The American Revolution in South Carolina

 Ninety-Six

  November 19-21, 1775


Patriot Cdr:

Major Andrew Williamson
Loyalist Cdr:

Major Joseph Robinson
Killed:

1
Killed:

52
Wounded:

12
Wounded:

20
Captured:

0
Captured:

0
Old District: 

Ninety-Six District
Present County:

Greenwood County

Ninety-Six Stockade Fort (Reproduction"

Ninety-Six State Historical Marker

While camped along the Long Cane Creek in November of 1775, Major Andrew Williamson of the Ninety-Six District Regiment, learned that a Loyalist force of more than 1,800 men were en route to the town of Ninety-Six. Major Williamson sent word to all militia units west of the Congaree River and soon men began to rally with his small band of captains. He quickly moved this small Patriot force, numbering less than 600, to the town of Ninety-Six and rapidly built a crude fortification of fence rails - a square breastwork - in a field near the town.

The field was known as Savage's Old Field and was on the plantation of John Savage. The fortified position around one of Mr. Savage's barns became known as Williamson's Fort. Major Williamson chose this position so that his artillery - three swivel guns - would have a better field of fire and could be used to their maximum potential.

Not long afterwards, Major James Mayson and seven companies of Rangers (SC 3rd Regiment) arrived to support Major Andrew Williamson's force, bringing plenty of supplies, but no water.

Before the fortification could be completed, a Loyalist force under Major Joseph Robinson appeared on Sunday, November 18th, with drums beating and colors flying. The Loyalists took over the town of Ninety-Six and converted the jail house into a fortified position, then began their siege on Fort Williamson.

Fighting broke out with Patriot and Loyalist forces reportedly firing "rifles and muskets, from behind houses, trees, logs, stumps, and fences." The battle would rage on from the 19th of November until the 21st. With Major Williamson dangerously short on gunpowder, and with Loyalist forces fearful that Patriot reenforcements may arrive at any moment, the warring commanders agreed to cease hostilities and to disband.

The "treaty" stated that Major Robinson would withdraw his Loyalist troops beyond the Saluda River so that Major Williamson could withdraw his Patriot troops without being molested.

James Birmingham, a South Carolinian, is considered as the first Southerner to die in the American Revolution for the Patriot cause. He had joined the Long Canes Militia, a company within the Ninety-Six District Regiment.

Known Patriot Participants

Known British/Loyalist Participants

Commanding Officer - Major Andrew Williamson of the Ninety-Six District Regiment of Militia.

Ninety-Six District Regiment led by Major Andrew Williamson with the following twelve (12) known companies:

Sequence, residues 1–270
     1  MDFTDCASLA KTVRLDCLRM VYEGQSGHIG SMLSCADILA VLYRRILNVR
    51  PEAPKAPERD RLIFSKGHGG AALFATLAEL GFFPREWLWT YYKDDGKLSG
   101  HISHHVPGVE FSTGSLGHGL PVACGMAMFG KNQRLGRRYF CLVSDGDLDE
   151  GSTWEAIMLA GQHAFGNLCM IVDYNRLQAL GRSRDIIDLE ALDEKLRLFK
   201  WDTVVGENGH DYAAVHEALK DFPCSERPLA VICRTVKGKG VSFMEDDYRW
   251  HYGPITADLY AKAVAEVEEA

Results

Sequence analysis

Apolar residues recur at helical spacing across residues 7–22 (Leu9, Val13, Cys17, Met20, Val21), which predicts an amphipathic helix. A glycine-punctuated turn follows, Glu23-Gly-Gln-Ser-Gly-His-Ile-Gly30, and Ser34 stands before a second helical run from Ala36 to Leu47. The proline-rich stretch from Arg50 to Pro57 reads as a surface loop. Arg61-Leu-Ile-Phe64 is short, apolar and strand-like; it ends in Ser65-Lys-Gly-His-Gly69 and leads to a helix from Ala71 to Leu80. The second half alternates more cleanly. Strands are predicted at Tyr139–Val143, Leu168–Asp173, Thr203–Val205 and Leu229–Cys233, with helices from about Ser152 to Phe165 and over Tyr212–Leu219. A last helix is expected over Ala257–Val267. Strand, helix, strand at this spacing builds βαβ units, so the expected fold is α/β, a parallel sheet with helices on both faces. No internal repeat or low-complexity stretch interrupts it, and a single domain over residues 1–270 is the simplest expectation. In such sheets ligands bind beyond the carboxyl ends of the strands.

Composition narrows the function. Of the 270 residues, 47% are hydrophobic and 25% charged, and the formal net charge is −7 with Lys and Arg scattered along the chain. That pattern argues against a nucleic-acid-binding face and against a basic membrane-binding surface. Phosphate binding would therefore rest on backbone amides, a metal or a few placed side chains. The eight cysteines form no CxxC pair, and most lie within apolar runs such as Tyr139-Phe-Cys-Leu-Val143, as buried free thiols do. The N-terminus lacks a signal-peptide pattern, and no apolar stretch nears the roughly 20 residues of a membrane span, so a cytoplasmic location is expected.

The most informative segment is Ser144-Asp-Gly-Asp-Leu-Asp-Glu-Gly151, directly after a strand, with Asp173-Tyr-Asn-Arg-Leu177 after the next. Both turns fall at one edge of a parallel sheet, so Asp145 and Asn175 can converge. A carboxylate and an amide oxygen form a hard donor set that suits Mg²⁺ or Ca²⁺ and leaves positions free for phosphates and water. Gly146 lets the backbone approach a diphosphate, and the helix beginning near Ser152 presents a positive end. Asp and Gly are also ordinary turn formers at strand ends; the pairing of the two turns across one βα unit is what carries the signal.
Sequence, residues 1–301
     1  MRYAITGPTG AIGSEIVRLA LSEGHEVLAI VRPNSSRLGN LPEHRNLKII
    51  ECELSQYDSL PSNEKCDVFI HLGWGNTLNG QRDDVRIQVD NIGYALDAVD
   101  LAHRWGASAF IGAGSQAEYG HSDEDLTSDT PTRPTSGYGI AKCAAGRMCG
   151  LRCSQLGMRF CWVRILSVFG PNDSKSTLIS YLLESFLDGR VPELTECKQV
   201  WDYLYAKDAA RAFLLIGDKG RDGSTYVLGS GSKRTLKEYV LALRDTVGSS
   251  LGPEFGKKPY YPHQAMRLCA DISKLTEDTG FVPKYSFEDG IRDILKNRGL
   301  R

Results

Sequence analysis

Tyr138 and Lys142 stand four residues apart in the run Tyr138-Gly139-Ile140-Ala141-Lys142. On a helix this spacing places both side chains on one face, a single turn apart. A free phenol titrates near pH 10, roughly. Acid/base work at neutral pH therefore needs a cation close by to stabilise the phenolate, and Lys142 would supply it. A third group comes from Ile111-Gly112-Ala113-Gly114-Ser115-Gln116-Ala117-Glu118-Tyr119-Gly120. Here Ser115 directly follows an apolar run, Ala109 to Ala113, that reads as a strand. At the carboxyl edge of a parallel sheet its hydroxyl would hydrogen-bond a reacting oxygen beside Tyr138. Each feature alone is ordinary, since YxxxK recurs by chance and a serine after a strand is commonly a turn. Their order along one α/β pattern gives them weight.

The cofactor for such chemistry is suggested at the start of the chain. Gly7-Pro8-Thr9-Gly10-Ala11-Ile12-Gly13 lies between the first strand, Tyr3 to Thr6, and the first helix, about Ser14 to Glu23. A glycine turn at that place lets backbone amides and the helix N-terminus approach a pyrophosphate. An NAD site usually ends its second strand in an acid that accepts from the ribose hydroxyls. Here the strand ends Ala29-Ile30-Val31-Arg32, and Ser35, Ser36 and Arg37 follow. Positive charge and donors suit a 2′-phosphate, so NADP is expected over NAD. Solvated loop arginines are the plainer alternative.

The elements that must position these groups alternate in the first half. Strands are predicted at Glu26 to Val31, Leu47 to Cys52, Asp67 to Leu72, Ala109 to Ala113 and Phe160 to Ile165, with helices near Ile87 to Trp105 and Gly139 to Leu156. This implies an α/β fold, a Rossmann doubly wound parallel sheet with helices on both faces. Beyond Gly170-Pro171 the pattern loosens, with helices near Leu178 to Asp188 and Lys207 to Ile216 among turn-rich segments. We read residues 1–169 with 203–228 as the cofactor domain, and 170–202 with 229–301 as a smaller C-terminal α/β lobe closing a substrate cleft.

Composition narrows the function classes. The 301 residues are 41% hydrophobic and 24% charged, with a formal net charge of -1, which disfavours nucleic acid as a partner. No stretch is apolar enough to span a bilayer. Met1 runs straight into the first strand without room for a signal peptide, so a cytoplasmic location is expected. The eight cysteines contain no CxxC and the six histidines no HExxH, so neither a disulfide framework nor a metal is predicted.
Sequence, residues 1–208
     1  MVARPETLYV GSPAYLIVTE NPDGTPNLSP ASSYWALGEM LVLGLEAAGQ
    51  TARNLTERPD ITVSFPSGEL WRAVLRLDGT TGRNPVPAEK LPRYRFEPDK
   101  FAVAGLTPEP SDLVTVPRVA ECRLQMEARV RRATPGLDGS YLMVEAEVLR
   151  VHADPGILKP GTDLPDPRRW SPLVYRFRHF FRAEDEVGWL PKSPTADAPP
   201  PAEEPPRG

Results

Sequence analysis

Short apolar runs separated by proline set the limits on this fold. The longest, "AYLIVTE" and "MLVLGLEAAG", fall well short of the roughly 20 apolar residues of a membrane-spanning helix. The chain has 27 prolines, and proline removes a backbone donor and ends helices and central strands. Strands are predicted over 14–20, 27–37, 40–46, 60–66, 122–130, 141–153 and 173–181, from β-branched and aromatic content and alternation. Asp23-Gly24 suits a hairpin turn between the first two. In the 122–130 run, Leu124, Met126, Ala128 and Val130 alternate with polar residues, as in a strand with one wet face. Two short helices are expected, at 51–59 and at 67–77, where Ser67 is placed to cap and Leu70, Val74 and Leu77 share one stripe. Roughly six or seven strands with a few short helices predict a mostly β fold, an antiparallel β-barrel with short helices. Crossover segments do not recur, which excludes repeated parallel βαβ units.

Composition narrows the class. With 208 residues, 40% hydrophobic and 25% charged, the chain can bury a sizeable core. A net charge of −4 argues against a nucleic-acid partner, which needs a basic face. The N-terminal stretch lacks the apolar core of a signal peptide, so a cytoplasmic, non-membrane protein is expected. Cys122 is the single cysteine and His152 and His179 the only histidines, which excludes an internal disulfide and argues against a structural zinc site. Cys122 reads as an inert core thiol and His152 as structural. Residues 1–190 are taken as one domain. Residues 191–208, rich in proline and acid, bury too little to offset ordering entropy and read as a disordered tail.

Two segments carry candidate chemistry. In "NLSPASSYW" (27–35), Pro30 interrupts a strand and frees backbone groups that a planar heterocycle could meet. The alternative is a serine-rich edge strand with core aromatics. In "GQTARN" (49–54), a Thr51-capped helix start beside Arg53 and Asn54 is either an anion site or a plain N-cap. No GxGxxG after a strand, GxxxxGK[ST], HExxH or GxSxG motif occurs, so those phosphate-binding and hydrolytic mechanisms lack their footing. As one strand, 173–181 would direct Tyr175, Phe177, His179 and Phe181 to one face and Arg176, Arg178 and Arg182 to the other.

- Capt. Mathew Beraud with 13 men
- Capt. John Erwin with 26 men
- Capt. Joseph Hamilton (artillery) with 17 men and 3 swivel guns
- Capt. Adam Crain Jones with 26 men
- Capt. Thomas Langdon with 12 men
- Capt. Francis Logan with 18 men
- Capt. Robert McCreary with 30 men
- Capt. James Middleton with 3 men
- Capt. Alexander Noble with 4 men
- Capt. George Reed with 25 men
- Capt. Aaron Smith with 17 men
- Capt. Charles Williams with 11 men

Little River District Regiment detachment including the following five (5) known companies:
- Capt. David Hunter with 19 men
- Capt. James Pollard with unknown number of men
- Capt. John Rodgers, Jr. with 20 men
- Capt. John Rogers with unknown number of men (probably the same man as directly above)
- Capt. James Williams with 28 men

Camden District Regiment detachment including the following two (2) known companies:
- Capt. Andrew Hamilton, Sr. with 23 men
- Capt. Matthew Singleton with unknown number of men

New Acquisition District Regiment detachment led by Capt. John Anderson with 11 men

Lower District Regiment detachment led by Capt. Andrew Pickens with 40 men

Spartan Regiment detachment led by Capt. John Lisle, Jr. with unknown number of men

Independent Company of Rangers led by Capt. John Bowie with unknown number of men

Independent Company of Rangers led by Capt. Benjamin Tutt with 34 men

Independent Company of Rangers led by Capt. Ezekiel Polk with unknown number of men

SC 3rd Regiment (Rangers) detachment led by Major James Mayson with the following seven (7) known companies:
- Capt. Nathaniel Abney with 23 men
- Capt. Robert Anderson with 18 men
- Capt. John Caldwell with 37 men
- Capt. James McCall with 54 men
- Capt. Hugh Middleton with unknown number of men
- Capt. Francis Sinquefield with 17 men
- Capt. William Wilson with 16 men

First Rowan County Regiment of Militia (NC) led by Col. Griffith Rutherford and Lt. Col. Francis Locke, with at least seven (7) known companies, led by:
- Capt. George Henry Barrier
- Capt. George Cowan
- Capt. Joseph Dixon
- Capt. John Graham
- Capt. John Harden
- Capt. James Purviance
- Capt. John Work

Georgia Militia detachment led by Capt. Jacob Colson with 18 men


James Birmingham (Ninety-Six District Regiment) killed

1,892 Loyalists led by Major Joseph Robinson - the Ninety-Six District Loyalist Militia, New Acquisition Regiment with the following fifteen (15) known companies:
- Capt. Richard Pearis
- Capt. John Mayfield
- Capt. Benjamin Wofford
- Capt. Mathew Floyd
- Capt. David George
- Capt. Patrick Cunningham
- Capt. Evan McLaurin
- Capt. Thomas Edgehill
- Capt. Jacob Fry
- Capt. Jones
- Capt. James Phillips
- Capt. George Zuber
- Capt. William Hunt
- Capt. Luper
- Capt. Bowman

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David Fanning is said to have been at this engagement

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© 2008 - J.D. Lewis - PO Box 1188 - Little River, SC 29566 - All Rights Reserved